Originally posted by Munkholm View Post
              If it´s "just" a matter of getting the center of gravity for an object of uniform composition, it should most definitely be possible to calculate it in Revit, as Martijn suggested. The formulas are pretty basic for these kind of shapes. More info here on composite shapes (eg. panels with openings)

              I guess the real question is: How are the pre-cast concrete panels modeled in Revit? Families, system families, in-place, or is it something build into RST? And how complicated is the geometry?

              On the other hand... just because we CAN do it in Revit dosn´t mean that we should... there´s probably better software for this, and would like to know if anyone have first hand experience with the workflow (What software to use, and how to export from Revit)
              Well, I think that it IS crucial to be able to do this in Revit. If memory from school serves me well, the center of gravity is also the place where the analytical model system line should be. And this IS used by Revit to make the analytical model.

              Btw: Integra and other more advanced mathmethics ARE useable in Revit, but you'll need to be able to rewrite the original formulas. For instance, I once got this to work without the use of any API... Only a few days work of hard labor, lot's of headaches, etc.
              Martijn de Riet
              Professional Revit Consultant | Revit API Developer
              MdR Advies
              Planta1 Revit Online Consulting

              Comment


                #8
                Originally posted by mdradvies View Post
                the center of gravity is also the place where the analytical model system line should be. And this IS used by Revit to make the analytical model.
                This is correct. Revits analytical model line is at the "centroid" of the object for OOTB content. However you are able to change where that line is, so I would venture to guess that its not mathmaticaly driven location.

                Also the structural families do not behave as they should when you have a non symetric object. Its a known issue with those families and Autodesk keeps telling us that it will be corrected in the next version.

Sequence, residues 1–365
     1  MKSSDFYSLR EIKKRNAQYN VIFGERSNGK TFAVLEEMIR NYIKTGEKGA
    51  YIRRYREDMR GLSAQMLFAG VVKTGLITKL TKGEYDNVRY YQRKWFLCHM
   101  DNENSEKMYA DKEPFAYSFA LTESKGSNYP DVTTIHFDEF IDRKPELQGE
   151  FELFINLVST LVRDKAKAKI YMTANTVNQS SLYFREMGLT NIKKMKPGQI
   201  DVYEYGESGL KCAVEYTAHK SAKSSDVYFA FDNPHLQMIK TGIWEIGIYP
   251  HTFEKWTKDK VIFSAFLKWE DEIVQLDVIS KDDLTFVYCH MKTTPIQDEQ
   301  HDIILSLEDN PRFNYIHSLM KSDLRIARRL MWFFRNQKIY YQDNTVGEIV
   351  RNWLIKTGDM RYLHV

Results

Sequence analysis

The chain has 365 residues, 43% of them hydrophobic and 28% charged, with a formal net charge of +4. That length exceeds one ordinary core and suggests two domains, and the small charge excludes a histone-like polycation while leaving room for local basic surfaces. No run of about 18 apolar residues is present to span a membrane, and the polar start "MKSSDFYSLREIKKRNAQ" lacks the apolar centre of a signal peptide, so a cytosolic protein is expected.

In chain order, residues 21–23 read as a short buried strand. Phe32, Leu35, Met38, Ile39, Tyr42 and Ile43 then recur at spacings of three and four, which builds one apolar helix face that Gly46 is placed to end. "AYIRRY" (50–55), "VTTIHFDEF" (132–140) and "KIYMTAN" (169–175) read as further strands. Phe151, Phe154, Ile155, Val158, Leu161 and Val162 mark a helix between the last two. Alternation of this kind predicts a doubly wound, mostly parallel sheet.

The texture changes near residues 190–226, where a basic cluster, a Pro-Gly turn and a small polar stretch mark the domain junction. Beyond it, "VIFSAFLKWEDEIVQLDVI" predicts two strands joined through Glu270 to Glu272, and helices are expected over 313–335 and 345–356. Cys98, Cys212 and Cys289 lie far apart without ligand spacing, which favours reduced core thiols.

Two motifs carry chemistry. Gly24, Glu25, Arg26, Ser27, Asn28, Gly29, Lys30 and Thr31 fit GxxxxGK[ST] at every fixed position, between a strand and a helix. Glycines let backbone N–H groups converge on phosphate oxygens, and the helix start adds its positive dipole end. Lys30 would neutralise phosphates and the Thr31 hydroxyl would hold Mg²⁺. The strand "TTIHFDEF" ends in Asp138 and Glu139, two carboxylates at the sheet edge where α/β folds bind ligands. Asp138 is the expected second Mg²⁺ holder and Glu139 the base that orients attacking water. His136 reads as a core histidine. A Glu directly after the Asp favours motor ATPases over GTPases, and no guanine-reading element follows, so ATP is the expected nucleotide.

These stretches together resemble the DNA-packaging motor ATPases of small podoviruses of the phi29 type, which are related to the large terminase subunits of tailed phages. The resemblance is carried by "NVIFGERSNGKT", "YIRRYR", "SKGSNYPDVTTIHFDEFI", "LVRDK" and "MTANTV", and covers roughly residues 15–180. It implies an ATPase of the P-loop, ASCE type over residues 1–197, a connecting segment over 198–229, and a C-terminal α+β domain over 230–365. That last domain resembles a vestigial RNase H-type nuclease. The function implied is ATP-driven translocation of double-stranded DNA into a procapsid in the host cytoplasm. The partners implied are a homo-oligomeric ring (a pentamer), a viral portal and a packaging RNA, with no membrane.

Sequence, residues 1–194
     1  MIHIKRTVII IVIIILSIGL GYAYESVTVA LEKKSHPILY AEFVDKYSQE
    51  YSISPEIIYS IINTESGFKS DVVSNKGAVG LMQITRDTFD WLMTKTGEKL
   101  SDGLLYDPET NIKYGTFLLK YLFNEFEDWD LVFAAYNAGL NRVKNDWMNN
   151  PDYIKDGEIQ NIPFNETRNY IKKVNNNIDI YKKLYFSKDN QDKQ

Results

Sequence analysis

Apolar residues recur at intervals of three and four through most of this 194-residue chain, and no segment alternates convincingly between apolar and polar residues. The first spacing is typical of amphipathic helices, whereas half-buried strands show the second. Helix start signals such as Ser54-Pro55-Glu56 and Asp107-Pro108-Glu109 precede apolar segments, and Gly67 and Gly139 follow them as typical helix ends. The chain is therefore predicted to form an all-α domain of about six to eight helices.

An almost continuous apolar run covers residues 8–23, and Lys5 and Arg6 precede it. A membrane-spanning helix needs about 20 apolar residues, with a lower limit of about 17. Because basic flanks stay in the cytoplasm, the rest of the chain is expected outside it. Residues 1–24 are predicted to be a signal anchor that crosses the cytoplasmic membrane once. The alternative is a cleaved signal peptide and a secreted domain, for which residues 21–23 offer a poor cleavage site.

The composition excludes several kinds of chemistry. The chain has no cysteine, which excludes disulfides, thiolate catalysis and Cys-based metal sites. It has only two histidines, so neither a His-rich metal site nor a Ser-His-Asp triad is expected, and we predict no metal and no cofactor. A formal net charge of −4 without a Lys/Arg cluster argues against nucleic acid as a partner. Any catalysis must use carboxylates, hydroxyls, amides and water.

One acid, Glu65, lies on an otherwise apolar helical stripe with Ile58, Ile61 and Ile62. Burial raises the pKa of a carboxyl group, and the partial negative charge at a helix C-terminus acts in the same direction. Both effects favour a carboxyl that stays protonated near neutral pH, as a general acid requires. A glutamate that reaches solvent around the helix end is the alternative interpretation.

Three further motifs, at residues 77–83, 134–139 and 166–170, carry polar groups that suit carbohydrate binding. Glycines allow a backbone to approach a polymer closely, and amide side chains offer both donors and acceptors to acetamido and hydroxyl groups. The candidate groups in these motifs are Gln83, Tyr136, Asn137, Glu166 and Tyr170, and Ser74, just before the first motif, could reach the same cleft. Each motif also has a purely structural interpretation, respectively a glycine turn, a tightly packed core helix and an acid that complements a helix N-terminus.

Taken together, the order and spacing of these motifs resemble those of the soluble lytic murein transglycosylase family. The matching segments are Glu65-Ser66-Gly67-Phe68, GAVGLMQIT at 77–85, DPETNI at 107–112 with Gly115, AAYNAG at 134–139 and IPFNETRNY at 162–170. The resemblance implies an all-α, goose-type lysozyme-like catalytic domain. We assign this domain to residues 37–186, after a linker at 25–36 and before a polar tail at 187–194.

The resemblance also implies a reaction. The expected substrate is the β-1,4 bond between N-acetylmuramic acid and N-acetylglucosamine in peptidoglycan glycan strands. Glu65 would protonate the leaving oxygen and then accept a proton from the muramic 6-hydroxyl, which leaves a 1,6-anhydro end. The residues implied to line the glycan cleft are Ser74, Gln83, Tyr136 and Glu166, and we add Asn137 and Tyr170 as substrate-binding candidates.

Last edited by Alex Cunningham; May 24, 2011, 02:14 PM. Reason: added stuff
                -Alex Cunningham

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                  #9
                  Originally posted by Alex Cunningham View Post
                  This is correct. Revits analytical model line is at the "centroid" of the object for OOTB content. However you are able to change where that line is, so I would venture to guess that its not mathmaticaly driven location.

                  Also the structural families do not behave as they should when you have a non symetric object. Its a known issue with those families and Autodesk keeps telling us that it will be corrected in the next version.
                  How do you mean this? They behave wrong because the centroid is off or is it just not supported at this time.
                  Can you dimension the centroid? If so, it would theoratically be possible to make it mathematical driven. All the info is there isn't it?
                  Martijn de Riet
                  Professional Revit Consultant | Revit API Developer
                  MdR Advies
                  Planta1 Revit Online Consulting

                  Comment


                    #10
                    I mean that. However the OOTB families are built that they do not really take into account the actual geometry. Play around with the C-Channel beams. Flip the Justification on them . They flip off the centroid... but they do it as if the beam was symertical. Completly useless when it only take into account for beams that are symetric. This gives you incorrect dimentions if you are change the justification. Lame. Try it out.
                    -Alex Cunningham